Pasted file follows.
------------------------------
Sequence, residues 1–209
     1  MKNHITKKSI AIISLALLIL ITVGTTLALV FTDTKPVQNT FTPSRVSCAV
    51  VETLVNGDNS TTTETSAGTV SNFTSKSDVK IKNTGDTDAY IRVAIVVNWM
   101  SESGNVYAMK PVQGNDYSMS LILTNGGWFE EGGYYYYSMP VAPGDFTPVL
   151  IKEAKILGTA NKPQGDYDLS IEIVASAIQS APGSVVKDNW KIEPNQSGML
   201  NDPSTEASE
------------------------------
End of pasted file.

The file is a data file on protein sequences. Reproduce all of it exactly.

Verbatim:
Sequence, residues 1–209
     1  MKNHITKKSI AIISLALLIL ITVGTTLALV FTDTKPVQNT FTPSRVSCAV
    51  VETLVNGDNS TTTETSAGTV SNFTSKSDVK IKNTGDTDAY IRVAIVVNWM
   101  SESGNVYAMK PVQGNDYSMS LILTNGGWFE EGGYYYYSMP VAPGDFTPVL
   151  IKEAKILGTA NKPQGDYDLS IEIVASAIQS APGSVVKDNW KIEPNQSGML
   201  NDPSTEASE